Article Text

CLOSED-MEDICATION DELIVERY SYSTEM IS EFFECTIVE IN DECREASING CENTRAL LINE-ASSOCIATED BLOODSTREAM INFECTION IN VERY LOW BIRTH WEIGHT INFANTS
  1. C Uy1,
  2. K Quan1,
  3. R Koeppel1
  1. 1Depatment of Pediatrics, University of California Irvine Medical Center, Orange, California, USA

Abstract

Objective To evaluate if a closed-medication delivery system (CMDS) is effective in reducing the rate of central line-associated bloodstream infection (CLABSI) in very low birth weight (VLBW) infants. CLABSI is a common problem in the neonatal intensive care unit (NICU). Rates of CLABSI are highest among VLBW infants (birth weight ⩽1500 g) requiring central lines for prolonged total parenteral nutrition.

Methods In 2004, a performance improvement team focused on reducing the incidence of nosocomial infection in the NICU. Infection control measures, such as hand hygience compliance, sterile central line insertion and central line tubing care practices were standardised and monitored regularly. In 2006, the use of a CMDS was adopted. The incidence of CLABSI in VLBW infants 18 months before and after the adoption of CMDS was compared. The CLABSI rate was calculated using the National Healthcare System Network method of reporting (# CLABSI ÷ central line days × 1000).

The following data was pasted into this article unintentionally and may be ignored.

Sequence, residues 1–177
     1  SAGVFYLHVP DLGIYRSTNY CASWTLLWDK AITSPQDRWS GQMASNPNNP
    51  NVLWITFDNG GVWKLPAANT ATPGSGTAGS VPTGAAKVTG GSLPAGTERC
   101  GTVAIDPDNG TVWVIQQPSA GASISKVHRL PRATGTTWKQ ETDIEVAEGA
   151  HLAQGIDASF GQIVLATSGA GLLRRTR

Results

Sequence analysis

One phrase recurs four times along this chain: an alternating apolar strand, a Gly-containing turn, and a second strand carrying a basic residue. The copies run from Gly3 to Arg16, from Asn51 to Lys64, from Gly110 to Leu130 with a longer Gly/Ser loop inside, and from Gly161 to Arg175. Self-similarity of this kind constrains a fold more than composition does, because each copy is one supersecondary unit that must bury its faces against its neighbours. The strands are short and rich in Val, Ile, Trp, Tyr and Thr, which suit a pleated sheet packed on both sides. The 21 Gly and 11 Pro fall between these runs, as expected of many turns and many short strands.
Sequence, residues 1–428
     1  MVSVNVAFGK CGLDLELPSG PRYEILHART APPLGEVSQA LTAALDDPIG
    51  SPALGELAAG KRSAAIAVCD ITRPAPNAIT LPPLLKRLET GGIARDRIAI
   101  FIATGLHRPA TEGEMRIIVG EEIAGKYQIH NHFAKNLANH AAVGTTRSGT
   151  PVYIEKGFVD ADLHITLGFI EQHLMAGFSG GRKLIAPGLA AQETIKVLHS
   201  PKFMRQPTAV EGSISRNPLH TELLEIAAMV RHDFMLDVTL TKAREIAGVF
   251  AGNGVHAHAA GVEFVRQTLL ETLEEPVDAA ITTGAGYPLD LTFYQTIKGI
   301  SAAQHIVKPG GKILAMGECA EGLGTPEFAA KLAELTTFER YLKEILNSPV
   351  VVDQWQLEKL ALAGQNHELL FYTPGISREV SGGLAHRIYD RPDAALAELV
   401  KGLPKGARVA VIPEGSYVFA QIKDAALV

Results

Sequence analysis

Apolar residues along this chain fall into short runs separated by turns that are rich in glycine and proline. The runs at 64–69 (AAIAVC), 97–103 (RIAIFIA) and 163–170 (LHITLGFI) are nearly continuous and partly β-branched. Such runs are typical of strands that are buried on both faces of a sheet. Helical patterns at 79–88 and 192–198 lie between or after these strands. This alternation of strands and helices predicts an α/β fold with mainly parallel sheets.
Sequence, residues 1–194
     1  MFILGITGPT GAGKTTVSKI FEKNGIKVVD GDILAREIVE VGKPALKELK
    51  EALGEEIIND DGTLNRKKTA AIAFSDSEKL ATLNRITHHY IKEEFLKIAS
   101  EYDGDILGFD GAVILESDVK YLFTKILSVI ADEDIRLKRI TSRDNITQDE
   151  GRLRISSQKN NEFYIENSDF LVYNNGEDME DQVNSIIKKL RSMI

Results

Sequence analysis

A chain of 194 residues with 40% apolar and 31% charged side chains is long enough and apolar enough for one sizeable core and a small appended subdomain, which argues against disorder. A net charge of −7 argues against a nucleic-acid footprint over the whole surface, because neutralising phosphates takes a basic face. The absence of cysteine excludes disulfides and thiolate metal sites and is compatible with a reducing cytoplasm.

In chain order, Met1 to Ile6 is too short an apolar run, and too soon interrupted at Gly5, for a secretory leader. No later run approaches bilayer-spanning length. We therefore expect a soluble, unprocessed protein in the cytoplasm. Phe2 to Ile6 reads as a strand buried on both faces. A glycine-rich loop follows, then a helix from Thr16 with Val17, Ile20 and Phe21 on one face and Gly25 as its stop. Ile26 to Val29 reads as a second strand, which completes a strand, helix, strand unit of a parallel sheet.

Results Baseline CLABSI before CMDS was 3.39/1000. Central line days was not different before and after intervention, 10 019 versus 10 977. Use of CMDS was associated with 59% reduction in total number of CLABSI (34 cases pre-CDMS down to 14 cases post-CMDS) and a decline in infection rate to 1.28 per 1000 (see fig).

Conclusion The use of a closed system in delivering medications is associated with a decreased incidence of CLABSI in VLBW infants.

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